When it comes to thwarting a potential terror attack involving commercial vehicles, truck drivers play a meaningful role in the first line of defense, according to the federal agency tasked with overseeing security of the traveling public.
In a May 2017 bulletin issued by the Transportation Security Administration, the agency examines the risk of vehicle ramming attacks involving commercial vehicles. Truck drivers can play a role as an effective countermeasure to foiling such an attack – specifically through enrollment and participation in TSA’s First Observer training program.
According to the bulletin, a vehicle ramming attack is defined as “a form of attack in which a perpetrator deliberately aims a motor vehicle at a target with the intent to inflict fatal injuries or significant property damage by striking with concussive force.” According to the bulletin, terrorists have carried out 17 known vehicle ramming attacks worldwide between 2014 and 2017, resulting in 173 fatalities and 667 injuries.
“Would-be terrorists can be stopped by some of the least-intrusive and lowest-cost means available: meaningful security awareness,” the bulletin states. “Drivers and staff who both remain alert to potential threats and report suspicious activities to appropriate authorities are the most effective means of detecting acts of terrorism by commercial vehicle.”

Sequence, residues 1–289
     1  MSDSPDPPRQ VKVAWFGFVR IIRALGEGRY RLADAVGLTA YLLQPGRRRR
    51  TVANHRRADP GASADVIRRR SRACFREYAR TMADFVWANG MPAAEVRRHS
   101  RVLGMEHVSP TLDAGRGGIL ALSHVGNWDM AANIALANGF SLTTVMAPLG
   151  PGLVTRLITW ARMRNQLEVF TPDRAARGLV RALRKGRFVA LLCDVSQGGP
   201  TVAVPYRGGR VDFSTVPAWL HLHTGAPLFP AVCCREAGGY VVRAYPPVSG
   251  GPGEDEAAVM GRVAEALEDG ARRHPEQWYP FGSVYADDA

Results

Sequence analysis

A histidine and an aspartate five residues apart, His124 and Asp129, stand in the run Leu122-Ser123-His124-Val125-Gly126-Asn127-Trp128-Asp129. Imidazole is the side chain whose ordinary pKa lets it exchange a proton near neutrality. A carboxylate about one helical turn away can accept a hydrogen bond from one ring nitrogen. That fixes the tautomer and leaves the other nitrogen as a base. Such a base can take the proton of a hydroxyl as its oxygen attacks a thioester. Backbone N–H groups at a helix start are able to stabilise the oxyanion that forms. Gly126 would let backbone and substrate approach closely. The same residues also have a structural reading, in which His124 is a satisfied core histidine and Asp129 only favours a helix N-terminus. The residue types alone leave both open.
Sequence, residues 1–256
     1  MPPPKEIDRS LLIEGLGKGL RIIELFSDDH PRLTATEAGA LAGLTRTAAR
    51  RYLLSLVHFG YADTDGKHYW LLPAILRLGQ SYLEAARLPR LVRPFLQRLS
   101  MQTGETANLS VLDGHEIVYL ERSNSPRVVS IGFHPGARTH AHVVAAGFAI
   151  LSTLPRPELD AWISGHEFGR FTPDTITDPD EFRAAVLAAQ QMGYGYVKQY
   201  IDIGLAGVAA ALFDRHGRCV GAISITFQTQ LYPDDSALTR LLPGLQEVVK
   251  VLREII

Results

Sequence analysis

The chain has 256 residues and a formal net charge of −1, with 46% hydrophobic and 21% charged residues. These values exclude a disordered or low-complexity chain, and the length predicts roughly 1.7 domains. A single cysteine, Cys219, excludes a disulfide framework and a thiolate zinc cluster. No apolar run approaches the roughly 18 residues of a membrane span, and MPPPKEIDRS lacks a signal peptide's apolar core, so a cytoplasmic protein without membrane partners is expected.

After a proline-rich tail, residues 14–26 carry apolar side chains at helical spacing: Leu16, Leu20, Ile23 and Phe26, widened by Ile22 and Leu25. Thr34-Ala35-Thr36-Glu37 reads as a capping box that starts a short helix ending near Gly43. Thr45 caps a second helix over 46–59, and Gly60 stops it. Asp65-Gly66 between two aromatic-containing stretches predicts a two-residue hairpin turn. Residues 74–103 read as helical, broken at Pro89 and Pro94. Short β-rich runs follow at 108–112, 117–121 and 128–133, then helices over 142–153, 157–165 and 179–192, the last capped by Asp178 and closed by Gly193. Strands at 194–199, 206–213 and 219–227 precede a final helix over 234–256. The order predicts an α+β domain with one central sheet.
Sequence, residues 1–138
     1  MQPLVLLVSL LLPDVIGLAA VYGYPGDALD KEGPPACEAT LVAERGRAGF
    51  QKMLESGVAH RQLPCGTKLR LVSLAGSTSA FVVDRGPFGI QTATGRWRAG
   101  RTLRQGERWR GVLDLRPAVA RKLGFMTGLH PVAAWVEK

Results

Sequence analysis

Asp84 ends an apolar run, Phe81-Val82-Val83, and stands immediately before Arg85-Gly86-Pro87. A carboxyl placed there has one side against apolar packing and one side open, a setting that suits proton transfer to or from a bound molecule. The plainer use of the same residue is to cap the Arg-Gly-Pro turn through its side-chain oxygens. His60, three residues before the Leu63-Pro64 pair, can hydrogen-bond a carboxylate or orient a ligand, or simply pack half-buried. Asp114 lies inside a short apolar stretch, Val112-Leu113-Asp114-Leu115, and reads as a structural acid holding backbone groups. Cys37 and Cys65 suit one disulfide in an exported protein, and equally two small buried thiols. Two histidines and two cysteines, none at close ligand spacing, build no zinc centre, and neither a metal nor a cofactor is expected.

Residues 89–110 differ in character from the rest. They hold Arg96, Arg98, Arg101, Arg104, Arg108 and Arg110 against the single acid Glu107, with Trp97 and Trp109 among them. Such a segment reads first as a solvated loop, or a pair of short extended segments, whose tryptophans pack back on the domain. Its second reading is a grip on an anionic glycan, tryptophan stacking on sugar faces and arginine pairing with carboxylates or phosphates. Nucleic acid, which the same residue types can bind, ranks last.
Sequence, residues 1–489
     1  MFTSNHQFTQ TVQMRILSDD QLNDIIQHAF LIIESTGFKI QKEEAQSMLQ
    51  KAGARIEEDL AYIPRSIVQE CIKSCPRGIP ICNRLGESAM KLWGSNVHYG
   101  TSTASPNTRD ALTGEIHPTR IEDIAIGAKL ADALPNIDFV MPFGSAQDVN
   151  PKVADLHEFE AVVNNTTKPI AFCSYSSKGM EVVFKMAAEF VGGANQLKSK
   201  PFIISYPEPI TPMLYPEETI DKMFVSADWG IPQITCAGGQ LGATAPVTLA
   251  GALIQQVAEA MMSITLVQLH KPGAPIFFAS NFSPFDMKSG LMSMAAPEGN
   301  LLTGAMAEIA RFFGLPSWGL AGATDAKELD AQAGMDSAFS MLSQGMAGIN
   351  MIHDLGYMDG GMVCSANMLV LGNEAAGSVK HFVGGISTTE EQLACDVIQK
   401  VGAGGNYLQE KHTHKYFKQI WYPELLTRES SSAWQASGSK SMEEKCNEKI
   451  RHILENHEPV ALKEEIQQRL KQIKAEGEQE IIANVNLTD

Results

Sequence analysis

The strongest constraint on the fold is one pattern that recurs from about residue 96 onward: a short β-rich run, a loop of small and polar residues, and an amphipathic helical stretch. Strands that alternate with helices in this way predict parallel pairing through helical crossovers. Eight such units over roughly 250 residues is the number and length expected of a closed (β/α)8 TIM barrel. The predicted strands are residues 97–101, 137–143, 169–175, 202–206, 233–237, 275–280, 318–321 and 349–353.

In December 2016, the Islamic State claimed responsibility for a terrorist attack in Berlin that involved a hijacked commercial truck being driven into a crowded Christmas market. Twelve people were killed and 56 were injured in the attack. In 2017 alone, attacks in Jerusalem, London, and Stockholm resulted in 15 deaths and 80 injuries.
First Observer Plus aims to encourage those on the front lines of a potential terror attack to be vigilant, and to report suspicious transportation-related activity to a dedicated hotline. The hotline has been responsible for helping to thwart instances of terrorist activity in the U.S., including an attempted bus hijacking at Super Bowl XLV.
“Drivers have to be cognizant of their surroundings and report activity that appears suspicious or out of the norm,” said Doug Morris, OOIDA security operations director.
First Observer video training is available for free via the TSA’s website.
Among the indicators the bulletin encourages truckers to watch out for are unusual and unexplained modifications to commercial vehicles, including reinforcing the front bumper with metal plates; attempts by a commercial vehicle driver to unnecessarily or unlawfully infiltrate areas where crowds are gathered; and commercial vehicles operated erratically at unusual times or in unusual locations such as heavy pedestrian areas.
To report suspicious activity via the First Observer Plus hotline, call 866-615-5150.
“First Observer Plus” Land Line Now’s Mark Reddig talked with TSA’s Ken Ward on SiriusXM Road Dog Channel 146. The interview aired in September 2016.